Research

Physics of novel system hydrodynamics

About Program 1

We will apply our advances in​‘fast, efficient beneficiation’ of fine particles to solid-liquid separation in order to increase product recovery and to recover waste solids, reducing water wastage and increasing water productivity. We will then recover targeted solids and exploit hydrophobic interactions to enhance de-watering.

Maximising the robustness, efficiency, and speed of separation are the critical elements of any transformational mineral beneficiation technology. This will be achieved by building knowledge and understanding of a broad range of novel hydrodynamic systems to determine the potential to approach the theoretical limits of separation, traversing the particle size range of interest.

In minerals processing, physical and physico-chemical properties, amongst others, are routinely exploited to achieve separations. The target minerals, which are embedded within a quartz or granite host rock or medium, must be released through breakage and ultimately grinding. This preparation produces a low portion of high value particles consisting of the target mineral, composite particles consisting of the mineral and unwanted host rock known as gangue, and a high proportion of unwanted gangue particles. The liberated minerals often exhibit a higher density and hence weight force at a given particle size, a basic property exploited in gravity separation. The liberated minerals of interest also associate with specific collectors, chemicals that yield strong hydrophobicity, in contrast to the unwanted gangue material that usually remains hydrophilic. Hydrophobic surfaces have an affinity for media other than water, such as air bubbles in froth flotation, and oils in agglomeration.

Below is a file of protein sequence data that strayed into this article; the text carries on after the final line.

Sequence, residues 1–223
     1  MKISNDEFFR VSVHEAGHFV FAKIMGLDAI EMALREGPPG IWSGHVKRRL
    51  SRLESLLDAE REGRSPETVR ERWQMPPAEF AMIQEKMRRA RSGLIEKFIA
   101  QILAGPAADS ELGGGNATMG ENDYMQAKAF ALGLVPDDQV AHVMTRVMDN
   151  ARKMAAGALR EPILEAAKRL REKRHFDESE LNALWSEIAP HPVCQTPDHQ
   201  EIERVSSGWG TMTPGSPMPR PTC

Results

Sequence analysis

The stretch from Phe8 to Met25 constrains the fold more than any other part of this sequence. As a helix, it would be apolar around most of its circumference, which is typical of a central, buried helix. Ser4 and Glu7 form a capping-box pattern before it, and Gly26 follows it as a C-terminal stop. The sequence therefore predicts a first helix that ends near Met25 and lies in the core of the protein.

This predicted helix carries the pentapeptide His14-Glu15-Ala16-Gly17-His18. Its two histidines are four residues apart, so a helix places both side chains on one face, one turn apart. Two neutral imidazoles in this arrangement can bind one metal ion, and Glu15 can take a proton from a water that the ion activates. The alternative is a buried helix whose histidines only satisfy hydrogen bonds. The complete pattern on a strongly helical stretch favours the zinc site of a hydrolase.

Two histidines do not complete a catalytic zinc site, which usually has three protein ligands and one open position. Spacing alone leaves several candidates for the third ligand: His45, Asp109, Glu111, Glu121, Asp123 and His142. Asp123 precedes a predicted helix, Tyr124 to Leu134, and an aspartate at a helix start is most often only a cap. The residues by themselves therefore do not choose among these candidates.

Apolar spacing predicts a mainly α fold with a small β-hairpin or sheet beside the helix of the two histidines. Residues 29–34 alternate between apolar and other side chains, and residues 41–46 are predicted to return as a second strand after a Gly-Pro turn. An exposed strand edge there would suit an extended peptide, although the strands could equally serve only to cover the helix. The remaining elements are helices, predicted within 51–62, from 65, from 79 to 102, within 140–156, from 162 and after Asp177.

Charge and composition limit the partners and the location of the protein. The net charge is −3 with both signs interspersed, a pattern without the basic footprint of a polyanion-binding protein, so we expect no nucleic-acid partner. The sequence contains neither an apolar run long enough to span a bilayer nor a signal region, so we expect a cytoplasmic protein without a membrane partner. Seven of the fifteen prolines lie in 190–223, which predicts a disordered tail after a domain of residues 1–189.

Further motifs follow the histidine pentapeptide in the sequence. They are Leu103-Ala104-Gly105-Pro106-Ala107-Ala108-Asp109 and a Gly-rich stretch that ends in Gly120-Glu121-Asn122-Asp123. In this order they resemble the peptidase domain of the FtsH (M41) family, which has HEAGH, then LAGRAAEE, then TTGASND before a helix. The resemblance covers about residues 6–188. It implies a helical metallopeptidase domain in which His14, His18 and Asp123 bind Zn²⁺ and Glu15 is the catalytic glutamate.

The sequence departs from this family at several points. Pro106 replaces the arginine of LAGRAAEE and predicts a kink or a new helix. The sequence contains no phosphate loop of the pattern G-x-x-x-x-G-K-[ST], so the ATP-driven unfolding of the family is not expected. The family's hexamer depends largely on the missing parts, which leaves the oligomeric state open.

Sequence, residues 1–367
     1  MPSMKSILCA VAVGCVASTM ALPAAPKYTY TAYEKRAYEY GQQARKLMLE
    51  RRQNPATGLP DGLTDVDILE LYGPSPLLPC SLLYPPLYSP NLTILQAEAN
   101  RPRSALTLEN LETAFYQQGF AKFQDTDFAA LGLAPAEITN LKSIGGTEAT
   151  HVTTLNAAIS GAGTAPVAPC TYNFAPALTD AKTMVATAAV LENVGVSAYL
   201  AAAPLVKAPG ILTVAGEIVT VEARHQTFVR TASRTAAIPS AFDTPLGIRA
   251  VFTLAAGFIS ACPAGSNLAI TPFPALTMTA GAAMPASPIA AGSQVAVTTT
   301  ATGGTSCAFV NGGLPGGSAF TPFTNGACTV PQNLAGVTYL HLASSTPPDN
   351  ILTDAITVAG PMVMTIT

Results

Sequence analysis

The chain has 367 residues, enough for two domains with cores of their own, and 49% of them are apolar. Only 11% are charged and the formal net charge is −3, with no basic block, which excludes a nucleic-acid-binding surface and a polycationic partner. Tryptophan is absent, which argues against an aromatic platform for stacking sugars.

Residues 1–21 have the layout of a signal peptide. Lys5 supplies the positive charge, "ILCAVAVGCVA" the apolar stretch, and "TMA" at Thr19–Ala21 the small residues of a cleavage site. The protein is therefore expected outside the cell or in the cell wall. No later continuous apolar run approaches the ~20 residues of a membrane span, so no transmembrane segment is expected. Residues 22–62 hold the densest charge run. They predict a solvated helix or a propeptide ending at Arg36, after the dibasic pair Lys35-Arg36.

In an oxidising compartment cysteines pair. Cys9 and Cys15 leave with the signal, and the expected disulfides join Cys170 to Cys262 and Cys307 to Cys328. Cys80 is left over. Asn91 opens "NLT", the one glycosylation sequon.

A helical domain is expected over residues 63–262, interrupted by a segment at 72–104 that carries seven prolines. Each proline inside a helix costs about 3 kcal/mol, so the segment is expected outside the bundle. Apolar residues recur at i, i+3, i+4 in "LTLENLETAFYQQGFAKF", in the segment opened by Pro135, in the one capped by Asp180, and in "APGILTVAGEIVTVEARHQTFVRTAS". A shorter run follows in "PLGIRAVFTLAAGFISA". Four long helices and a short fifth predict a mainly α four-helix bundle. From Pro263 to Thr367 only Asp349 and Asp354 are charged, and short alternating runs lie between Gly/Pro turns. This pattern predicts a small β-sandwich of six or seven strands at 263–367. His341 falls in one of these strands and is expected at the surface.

Program 1 consists of four sub-programs

The first is concerned with establishing advanced forms of characterisation of mineral particles, and mineral surfaces, how to quantify the extent of mineral liberation, and the theoretical limits linking the maximum possible metal grade (wt%) to a given metal recovery (%).

The second is concerned with addressing the objective of achieving early-gangue rejection, through the establishment of relatively coarse particle separations to remove the unwanted gangue at a coarser grind size. Approaches using both froth flotation and dry separations will be investigated.

The third is focused on the separations required when the particles have been ground to a particle size sufficient for full liberation. There is substantial scope to fully exploit the potential of the hydrophobic effect to achieve a substantial increase in the speed of fine particle processing, by a factor of 10 – 100, including higher product grade, and recovery.

The fourth is concerned with the recovery of the process water, the goal being to reduce the ultrafine solids sent to the tailings stream and deliver the tailings at a concentration sufficient for stackable storage of the solids.